Between a Rock and a Hard Place
Well, I spoke too soon. Something drastic happened that caused us to leave Hole J: we got stuck. The pipe got caught in the hole and wouldn’t rotate anymore. There were a few options of how to proceed, and by far the most exciting – although probably least efficient – was to use dynamite to sever the bottom parts of the pipe and just move on. Secretly that’s the one I was rooting for. But here what actually happened:
First they removed the core barrel so they could offset the ship to get a drill string connected. The drill string needed to be opened so they could deploy sinker bars to retrieve the core barrel (the core barrel is the thing that contains the sweet core we scientists desire). The core barrel needed to be removed and out of the way before they could send down the tools needed to activate the mechanical bit release. Once the bit was released, it would drop to the bottom of the hole. Then the drillers would try to free the drill string without the bit attached to pull out of the hole. I'm guess this had to be done because it was like when you put your hand too far through the cup holder in a movie theater seat. But you don't want to open your fist because then the candy will fall out...but then you're stuck. Just let go of the candy, and move on. If the drill string wouldn't release this way, it'd have to be severed and left behind: dynamite!
(un)fortunately...the drill string released on its own. No dynamite.
The drillers are limited with how hard they can pull to try to release the pipe. This is probably determined by the limited amount of stress on the entire drill pipe/other parts of the rig. They are also limited in the amount of rotational force they can use. When you spin something with the bottom part in a stuck location, you build up a lot of torque. The drillers can tell when this happens because the pipe will spin rapidly backwards and then suddenly stop rotating.
I really can't get over the scale of these processes. What had to be done to release a drill bit probably wasn't anything different from what a carpenter has to do...but this is 3 miles below us! Try doing something like that practically blind! I can't get over that.
Anyway, the point is: we had to move on. That hole was toast. But, we had some options. At the Operations Update Meeting yesterday, Kathy Gillis presented the entire team with 2 options and wanted to hear our thoughts. That was a pretty cool democratic way of handling the situation, and it felt nice to be included with decisions like that. So, I'll try to sum up each option as best I can:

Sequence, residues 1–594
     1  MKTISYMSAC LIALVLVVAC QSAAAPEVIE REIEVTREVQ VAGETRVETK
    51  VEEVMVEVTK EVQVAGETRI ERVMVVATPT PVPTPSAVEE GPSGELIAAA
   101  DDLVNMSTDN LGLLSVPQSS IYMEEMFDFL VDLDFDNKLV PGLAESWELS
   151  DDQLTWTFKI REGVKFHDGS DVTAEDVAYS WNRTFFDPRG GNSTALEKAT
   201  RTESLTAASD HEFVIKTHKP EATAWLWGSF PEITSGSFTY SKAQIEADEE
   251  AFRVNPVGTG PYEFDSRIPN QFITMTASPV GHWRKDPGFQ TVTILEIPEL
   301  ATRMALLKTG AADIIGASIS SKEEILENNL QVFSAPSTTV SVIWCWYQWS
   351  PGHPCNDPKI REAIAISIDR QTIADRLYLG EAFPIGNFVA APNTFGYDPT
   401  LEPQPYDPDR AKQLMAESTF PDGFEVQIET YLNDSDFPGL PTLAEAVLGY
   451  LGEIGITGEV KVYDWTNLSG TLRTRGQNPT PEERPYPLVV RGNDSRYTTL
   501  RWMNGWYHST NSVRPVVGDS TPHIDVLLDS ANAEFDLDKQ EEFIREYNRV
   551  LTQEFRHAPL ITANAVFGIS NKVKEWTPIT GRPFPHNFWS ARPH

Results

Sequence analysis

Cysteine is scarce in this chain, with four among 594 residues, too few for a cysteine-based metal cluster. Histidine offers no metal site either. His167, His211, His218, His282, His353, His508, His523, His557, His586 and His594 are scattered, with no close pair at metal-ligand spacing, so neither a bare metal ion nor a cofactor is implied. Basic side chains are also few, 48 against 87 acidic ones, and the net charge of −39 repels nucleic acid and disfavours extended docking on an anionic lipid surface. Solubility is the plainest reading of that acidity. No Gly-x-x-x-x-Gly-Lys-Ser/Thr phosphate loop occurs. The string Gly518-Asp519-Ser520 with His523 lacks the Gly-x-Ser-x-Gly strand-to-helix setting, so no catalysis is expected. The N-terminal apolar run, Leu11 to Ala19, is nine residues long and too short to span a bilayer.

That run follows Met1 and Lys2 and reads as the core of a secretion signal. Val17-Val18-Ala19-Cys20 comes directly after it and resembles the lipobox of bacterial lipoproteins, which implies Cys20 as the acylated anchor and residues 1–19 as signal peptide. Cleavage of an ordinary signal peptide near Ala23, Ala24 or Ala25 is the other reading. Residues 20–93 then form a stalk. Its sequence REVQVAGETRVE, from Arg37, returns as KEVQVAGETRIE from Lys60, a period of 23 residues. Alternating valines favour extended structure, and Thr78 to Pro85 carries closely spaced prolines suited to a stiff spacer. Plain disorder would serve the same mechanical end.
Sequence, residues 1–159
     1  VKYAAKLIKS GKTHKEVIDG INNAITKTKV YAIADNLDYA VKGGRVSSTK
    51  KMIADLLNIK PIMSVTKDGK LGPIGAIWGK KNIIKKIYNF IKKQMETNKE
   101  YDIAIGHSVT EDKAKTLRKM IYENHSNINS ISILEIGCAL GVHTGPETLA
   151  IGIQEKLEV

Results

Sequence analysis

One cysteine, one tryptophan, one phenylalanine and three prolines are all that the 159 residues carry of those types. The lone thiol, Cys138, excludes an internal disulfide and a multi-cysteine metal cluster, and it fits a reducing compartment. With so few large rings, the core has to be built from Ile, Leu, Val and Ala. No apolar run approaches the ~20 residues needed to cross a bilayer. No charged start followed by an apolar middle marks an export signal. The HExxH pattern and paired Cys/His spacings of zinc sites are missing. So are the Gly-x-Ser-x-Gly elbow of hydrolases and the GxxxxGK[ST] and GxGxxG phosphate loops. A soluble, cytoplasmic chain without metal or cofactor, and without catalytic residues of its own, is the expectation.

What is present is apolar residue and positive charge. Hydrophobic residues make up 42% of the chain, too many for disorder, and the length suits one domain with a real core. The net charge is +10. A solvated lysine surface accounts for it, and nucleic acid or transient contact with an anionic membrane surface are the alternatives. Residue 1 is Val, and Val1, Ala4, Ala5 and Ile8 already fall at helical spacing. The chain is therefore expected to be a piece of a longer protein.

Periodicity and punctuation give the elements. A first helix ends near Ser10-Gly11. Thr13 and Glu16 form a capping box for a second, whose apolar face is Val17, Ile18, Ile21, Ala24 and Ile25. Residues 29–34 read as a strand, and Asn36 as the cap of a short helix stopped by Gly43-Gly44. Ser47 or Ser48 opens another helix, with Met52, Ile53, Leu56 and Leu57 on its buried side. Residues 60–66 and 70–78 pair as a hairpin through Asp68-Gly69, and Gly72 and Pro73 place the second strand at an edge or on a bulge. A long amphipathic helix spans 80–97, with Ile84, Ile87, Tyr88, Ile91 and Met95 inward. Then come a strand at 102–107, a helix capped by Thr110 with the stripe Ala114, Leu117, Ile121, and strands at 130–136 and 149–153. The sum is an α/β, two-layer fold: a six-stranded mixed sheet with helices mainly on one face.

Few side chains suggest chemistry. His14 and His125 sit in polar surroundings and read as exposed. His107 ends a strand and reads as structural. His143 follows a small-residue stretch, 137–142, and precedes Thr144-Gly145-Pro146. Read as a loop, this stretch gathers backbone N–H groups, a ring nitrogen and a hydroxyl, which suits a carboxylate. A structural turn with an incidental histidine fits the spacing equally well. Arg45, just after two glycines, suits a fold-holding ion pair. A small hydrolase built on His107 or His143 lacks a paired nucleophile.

Option 1 was to stay close to home and drill until we hit another fault zone, meaning trouble, and then move on again. This is exactly what just happened. We ran into trouble because about 100 meters down in this area, there are a bunch of fault zones. Try drilling into a crack in a block of wood...doesn't work out so well. But at least we'd get another decent amount of core...that we already have.
Pro: This area contains primitive rock, the stuff we came here for.
Con: Hole I and Hole J are only 10 meters apart, so we don't really know how the crust in this area is consolidated. Who knows if that cement we poured the other day leaked into an area just a few meters over. If we drill too close, we could impact Holes I and J. We also won't be able to go past 100 meters if we stay here.
Option 2 is to go to another flat part that we've dubbed The Shoulder...not to be confused with The Bench (where we've been drilling for the last few weeks), where we know based on surveying the area that it isn't a big rubble pit. A new spot can hardly present any worse drilling conditions than the ones we've already encountered, and who knows what other awesome stuff we'd find.
Pro: Going to another area 500 meters away...and 160 meters up would give us some regional perspective. If The Bench is a scarp (or a piece that fractured off and slipped down) then what we've been drilling here may be what we can drill 160 meters up. The scarp could be what fell from up above.
Con: Has potential to just be another pile of rubble like the last few holes. The rocks in this new area are not as primitive.
Very basically our options were: To continue to drill in an area where we KNOW we will have problems, or go to another area...that COULD potentially give us problems. Sounds promising, huh?
We have an accountability and obligation to get more gabbro since that's what we stated this expedition would specifically target. We need to find a solution that will help us most scientifically while being time efficient as well.
What would you have picked?
Also another note about scale: When they talk about rubble piles...they aren't referring to little tiny gravel pits...they mean giant boulders and blocks of rock over large fields. Insane.
By the end of the meeting, it sounded like there was a lot of excitement to go explore the shoulder. Worst case-scenario is we spent another 2 weeks at a hole up on the shoulder, and then we still have a week left to make a Hail-Mary decision. Perhaps coming back down to The Bench to collect more stuff...